U.S. banks are closing because of an increase in internet and mobile banking, a rise in bank mergers, and unprofitable branches. Some banks have also cited the COVID-19 pandemic, which led many customers to conduct their financial business exclusively online, as a factor in their decisions to close branches.
Examples of Bank Closings in the U.S.
U.S. Bank shuttered close to 600 of its branches from September 2019 through the end of 2020.
Wells Fargo closed 700+ branches from July 2020 to October 2021.
Truist Bank closed more than 100 branches from December 2020 to January 2021 and plans to shutter up to 800 branches overall.
TD Bank closed 82 of its U.S. branches in February 2021.
PNC Bank closed nearly 160 branches in 2020 and plans to close another 120 by the end of 2021.
Capital One closed nearly a third of its branches between 2017 and 2020.
The U.S. has seen more than 4,400 bank branch closures, a decline of 5.1%, from 2017 to 2020. While closures are expected to save the banks millions of dollars, many of the communities these banks served will feel the consequences of these closings.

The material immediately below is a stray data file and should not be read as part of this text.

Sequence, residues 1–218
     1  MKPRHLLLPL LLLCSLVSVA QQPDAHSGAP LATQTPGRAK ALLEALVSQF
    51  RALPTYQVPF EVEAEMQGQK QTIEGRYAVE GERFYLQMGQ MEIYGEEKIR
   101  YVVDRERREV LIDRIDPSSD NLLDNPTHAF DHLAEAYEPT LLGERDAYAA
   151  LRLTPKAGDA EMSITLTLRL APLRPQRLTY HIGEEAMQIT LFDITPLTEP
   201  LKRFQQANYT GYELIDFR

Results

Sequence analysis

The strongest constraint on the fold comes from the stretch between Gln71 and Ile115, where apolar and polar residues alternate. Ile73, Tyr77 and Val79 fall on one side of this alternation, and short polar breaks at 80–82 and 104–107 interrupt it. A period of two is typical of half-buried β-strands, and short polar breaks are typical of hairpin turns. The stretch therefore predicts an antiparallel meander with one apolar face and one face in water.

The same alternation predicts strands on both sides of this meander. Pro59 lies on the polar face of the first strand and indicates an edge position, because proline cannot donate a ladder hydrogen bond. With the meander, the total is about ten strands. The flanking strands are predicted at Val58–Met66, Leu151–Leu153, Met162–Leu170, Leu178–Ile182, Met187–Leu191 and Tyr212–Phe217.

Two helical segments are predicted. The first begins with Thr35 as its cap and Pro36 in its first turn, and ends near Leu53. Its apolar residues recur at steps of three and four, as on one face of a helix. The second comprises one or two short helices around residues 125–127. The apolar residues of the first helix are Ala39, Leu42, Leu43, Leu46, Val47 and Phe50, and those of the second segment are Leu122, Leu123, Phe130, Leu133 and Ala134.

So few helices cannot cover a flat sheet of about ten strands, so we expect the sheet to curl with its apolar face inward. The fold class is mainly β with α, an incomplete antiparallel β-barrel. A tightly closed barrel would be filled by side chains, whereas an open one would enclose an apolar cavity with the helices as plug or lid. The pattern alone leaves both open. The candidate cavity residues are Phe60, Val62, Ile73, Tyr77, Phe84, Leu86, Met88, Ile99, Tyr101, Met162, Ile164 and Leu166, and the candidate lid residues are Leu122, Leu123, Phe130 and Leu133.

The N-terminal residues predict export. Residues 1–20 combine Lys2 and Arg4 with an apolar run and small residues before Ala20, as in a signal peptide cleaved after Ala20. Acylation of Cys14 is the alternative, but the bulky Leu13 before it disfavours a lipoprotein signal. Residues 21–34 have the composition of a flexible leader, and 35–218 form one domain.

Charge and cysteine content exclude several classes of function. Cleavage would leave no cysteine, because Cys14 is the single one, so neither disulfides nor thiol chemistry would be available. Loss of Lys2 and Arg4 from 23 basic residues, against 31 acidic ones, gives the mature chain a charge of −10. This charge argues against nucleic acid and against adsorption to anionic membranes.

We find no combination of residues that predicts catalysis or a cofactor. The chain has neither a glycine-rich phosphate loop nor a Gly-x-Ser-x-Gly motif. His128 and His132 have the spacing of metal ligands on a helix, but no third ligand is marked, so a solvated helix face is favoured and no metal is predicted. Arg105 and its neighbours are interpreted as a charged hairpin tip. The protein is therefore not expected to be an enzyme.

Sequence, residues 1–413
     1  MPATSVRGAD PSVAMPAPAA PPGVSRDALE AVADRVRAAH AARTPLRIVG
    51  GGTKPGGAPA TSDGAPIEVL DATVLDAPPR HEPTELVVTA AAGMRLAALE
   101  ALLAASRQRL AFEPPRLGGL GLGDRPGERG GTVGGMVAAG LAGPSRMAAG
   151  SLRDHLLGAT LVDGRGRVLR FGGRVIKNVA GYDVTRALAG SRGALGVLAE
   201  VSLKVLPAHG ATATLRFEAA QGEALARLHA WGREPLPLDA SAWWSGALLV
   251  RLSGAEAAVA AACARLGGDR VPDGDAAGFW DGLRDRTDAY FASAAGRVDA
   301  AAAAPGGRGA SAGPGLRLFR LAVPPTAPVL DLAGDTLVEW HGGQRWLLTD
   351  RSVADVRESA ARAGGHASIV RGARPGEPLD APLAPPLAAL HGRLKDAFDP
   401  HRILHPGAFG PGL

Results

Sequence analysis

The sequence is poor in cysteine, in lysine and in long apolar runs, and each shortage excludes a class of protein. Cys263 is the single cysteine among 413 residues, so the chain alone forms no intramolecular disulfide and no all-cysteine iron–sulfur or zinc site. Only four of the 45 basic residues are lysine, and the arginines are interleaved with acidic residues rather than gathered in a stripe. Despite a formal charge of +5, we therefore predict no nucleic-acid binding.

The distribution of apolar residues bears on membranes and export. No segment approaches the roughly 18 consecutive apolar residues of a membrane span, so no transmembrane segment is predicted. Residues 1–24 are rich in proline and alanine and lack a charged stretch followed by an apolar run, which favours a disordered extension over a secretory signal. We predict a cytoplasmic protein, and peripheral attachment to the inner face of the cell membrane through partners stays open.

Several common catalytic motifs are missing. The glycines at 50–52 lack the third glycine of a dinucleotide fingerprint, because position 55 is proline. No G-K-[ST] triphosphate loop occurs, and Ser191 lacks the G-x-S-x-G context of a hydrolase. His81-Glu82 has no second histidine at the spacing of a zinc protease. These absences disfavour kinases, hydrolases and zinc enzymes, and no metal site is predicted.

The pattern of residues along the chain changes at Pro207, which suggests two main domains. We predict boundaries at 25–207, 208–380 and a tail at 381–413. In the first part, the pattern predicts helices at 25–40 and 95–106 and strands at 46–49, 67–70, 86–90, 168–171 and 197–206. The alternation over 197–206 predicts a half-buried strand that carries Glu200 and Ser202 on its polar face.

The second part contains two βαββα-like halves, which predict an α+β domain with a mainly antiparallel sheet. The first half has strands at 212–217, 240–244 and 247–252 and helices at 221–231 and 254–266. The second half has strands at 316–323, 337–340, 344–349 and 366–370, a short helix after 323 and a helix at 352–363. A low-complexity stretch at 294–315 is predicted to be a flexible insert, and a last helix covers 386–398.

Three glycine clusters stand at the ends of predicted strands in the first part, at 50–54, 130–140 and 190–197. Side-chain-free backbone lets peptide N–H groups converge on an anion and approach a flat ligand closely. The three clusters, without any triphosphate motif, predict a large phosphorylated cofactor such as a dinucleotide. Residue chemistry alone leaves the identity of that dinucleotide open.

Rural and low-income areas where few branches existed in the first place will be the hardest hit, as closures create so-called “branch deserts.” This lack of local branches makes it harder for residents and small business owners to get traditional financing in their own communities.
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